6 of the Best Quotes from HR Leaders in the First Half of 2020



David Rice
05/29/2020

HR Quotes

A good quote is more than the content of your office decorations or fodder for your social media feed, it can be words and principles to live by.

We’ve all heard a good one in our time, but in times of crisis, these are amplified and ring true in ways they may not otherwise have done. The good ones stick with us even more and have the power to inspire us to be better, achieve new things and help others get through these times. With HR professionals facing some challenges they won’t have been prepared for coming into 2020, we thought it’d be good to share some of our favorite quotes from this year so far.

  1. Eric Torigian, Vice President and Assistant Head of Global HR for Akebono Brake Corporation

“I think this is the beginning of the most exciting period we’ve ever been part of. People are going to figure out how to pour their passion into it. The world has been getting ready for this for a while. We’ve been moving to an online world, a gig economy, toward remote work groups. In the next 20 or 30 years, this world is going to change a lot and people are going to come back to this time and ask ‘who were the people that made the difference?’ I think they’re going to look at HR people and say they’re the ones who led us through this.”

  1. Ben Whitter, Author and Founder of the World Employee Experience Institute

“In my view, the workplace has never been a building. It’s the spaces and places that enable our best work. We have lots of choice in this regard. It has taken something like COVID-19 to force through a mindset shift, yet the goals of great businesses have not really changed. We want people to be at their best and deliver their best work. Any option or choice that helps with that is in scope.”

  1. Darren Murph, Head of Remote for Gitlab in an interview with HREN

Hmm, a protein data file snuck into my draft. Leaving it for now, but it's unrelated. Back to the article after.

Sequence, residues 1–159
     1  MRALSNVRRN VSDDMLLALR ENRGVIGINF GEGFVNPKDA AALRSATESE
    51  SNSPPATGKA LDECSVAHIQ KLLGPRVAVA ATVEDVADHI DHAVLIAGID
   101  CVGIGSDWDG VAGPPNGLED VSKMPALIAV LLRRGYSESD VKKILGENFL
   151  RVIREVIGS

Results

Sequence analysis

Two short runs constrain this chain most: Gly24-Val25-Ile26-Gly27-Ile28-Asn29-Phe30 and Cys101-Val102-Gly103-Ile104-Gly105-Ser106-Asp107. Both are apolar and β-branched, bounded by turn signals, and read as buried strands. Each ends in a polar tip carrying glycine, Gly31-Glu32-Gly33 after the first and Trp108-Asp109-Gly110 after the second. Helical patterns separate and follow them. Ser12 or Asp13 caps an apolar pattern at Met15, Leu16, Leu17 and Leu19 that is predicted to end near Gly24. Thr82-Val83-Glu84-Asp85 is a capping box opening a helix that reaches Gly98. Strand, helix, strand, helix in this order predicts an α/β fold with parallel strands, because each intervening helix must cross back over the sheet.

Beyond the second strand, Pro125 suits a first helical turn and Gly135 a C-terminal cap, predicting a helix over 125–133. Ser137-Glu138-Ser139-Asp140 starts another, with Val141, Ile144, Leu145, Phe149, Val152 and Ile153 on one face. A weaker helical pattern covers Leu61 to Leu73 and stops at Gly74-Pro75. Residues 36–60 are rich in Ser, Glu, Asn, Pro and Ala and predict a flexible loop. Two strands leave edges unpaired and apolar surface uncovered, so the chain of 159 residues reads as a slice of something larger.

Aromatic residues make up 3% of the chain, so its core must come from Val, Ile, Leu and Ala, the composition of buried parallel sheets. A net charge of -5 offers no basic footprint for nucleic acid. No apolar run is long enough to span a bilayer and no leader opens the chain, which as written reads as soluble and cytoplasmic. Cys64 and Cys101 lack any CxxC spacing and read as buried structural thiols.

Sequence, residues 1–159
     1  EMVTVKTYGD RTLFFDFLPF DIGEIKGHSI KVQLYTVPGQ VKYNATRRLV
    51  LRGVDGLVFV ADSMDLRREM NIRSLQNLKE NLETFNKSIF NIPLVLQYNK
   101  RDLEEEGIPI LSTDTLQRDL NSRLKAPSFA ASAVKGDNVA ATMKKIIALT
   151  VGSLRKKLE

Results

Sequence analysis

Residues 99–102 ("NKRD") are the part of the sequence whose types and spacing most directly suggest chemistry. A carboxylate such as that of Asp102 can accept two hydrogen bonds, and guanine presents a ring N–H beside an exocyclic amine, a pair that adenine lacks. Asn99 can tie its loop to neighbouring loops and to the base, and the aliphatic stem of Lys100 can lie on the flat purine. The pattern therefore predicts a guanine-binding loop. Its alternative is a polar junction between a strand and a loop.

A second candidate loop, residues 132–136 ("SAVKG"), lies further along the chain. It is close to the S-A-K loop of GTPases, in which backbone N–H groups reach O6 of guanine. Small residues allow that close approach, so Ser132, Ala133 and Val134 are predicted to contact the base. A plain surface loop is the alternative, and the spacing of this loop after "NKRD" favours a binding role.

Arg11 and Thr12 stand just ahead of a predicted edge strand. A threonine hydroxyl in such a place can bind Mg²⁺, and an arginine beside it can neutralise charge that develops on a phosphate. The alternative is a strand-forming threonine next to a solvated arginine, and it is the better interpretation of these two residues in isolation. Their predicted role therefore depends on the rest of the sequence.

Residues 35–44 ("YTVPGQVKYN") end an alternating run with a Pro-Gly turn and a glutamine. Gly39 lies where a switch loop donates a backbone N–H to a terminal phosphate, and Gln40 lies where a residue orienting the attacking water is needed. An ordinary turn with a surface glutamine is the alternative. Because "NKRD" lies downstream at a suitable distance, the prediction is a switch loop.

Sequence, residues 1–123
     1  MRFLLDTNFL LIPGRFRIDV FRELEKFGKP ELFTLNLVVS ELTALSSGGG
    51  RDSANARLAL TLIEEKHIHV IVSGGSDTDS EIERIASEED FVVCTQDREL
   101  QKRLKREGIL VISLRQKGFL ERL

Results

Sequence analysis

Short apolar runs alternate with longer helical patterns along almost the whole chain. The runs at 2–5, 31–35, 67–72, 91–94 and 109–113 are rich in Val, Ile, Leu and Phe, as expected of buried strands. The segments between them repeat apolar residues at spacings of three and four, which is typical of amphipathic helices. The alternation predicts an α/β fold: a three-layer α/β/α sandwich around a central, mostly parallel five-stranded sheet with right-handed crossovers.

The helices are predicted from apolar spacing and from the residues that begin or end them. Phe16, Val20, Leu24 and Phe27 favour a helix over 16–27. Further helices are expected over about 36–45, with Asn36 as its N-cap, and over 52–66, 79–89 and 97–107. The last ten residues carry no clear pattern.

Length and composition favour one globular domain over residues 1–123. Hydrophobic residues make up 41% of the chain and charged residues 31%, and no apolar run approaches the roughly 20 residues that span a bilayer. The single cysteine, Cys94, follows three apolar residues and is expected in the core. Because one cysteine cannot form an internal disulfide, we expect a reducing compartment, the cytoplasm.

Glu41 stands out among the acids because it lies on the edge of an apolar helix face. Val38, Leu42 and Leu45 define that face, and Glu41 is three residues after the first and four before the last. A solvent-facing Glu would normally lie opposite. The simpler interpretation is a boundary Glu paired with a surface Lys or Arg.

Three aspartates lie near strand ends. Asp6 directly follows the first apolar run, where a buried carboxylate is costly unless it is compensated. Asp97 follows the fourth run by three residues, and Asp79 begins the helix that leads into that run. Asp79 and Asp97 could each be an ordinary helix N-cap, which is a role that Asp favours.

“In a remote setting, culture = values. There should be no unwritten rules in remote culture. Intentional documentation is essential to avoiding dysfunction within a remote company, and this also applies to culture. It may sound counterintuitive, but there is great value in putting process and structure around culture. For example, if a company has an unlimited vacation policy, but has no suggestions or process around it, you may create a culture of fear with regard to taking time off. It's important for leadership to set the tone, but it's even more important to document what will define your culture. Each time a scenario arises where there is no clearly defined answer, look to your company values to determine the answer, and then document.”

  1. Sarah Johnson, Vice President of Enterprise Surveys and Analytics at Perceptyx

“I think this is a moment of reckoning for organizations and leaders,” Sarah Johnson, Vice President of Enterprise Surveys and Analytics at Perceptyx said. “Companies that haven’t invested in their employees or thought about the value of engaging employees in the past are now reaping what they’ve sown versus organizations that have always invested in their employees and built their capabilities. Those companies can now rely on that bank of engagement capital and their employees will do what it takes to get the organization through this.”

  1. Jan van der Hoop, President Fit First Technologies

“Things are not going back to the way they were. Business will be done differently on the other side of this. More people will work from home, permanently. People will not converge the way they did. They won’t travel, commute or take mass transit in the way they did, at least not for a long time. People will consume and spend differently. All of these things have implications to almost every aspect of your business. Now is your golden opportunity to think through how you could shift, change, restructure, re-staff to be ready for when things turn around. Which they surely will, in surprising, scary and uneven ways. Fasten your seatbelt.”

  1. Jeffrey Moss, CEO of Parker Dewey in an interview with Forbes

“Companies are finding new ways of harnessing remote work. One is recruiting –using remote work as a mutual “test drive,” to identify, assess, and connect with prospective candidates, especially career launchers in college or recently graduated.”

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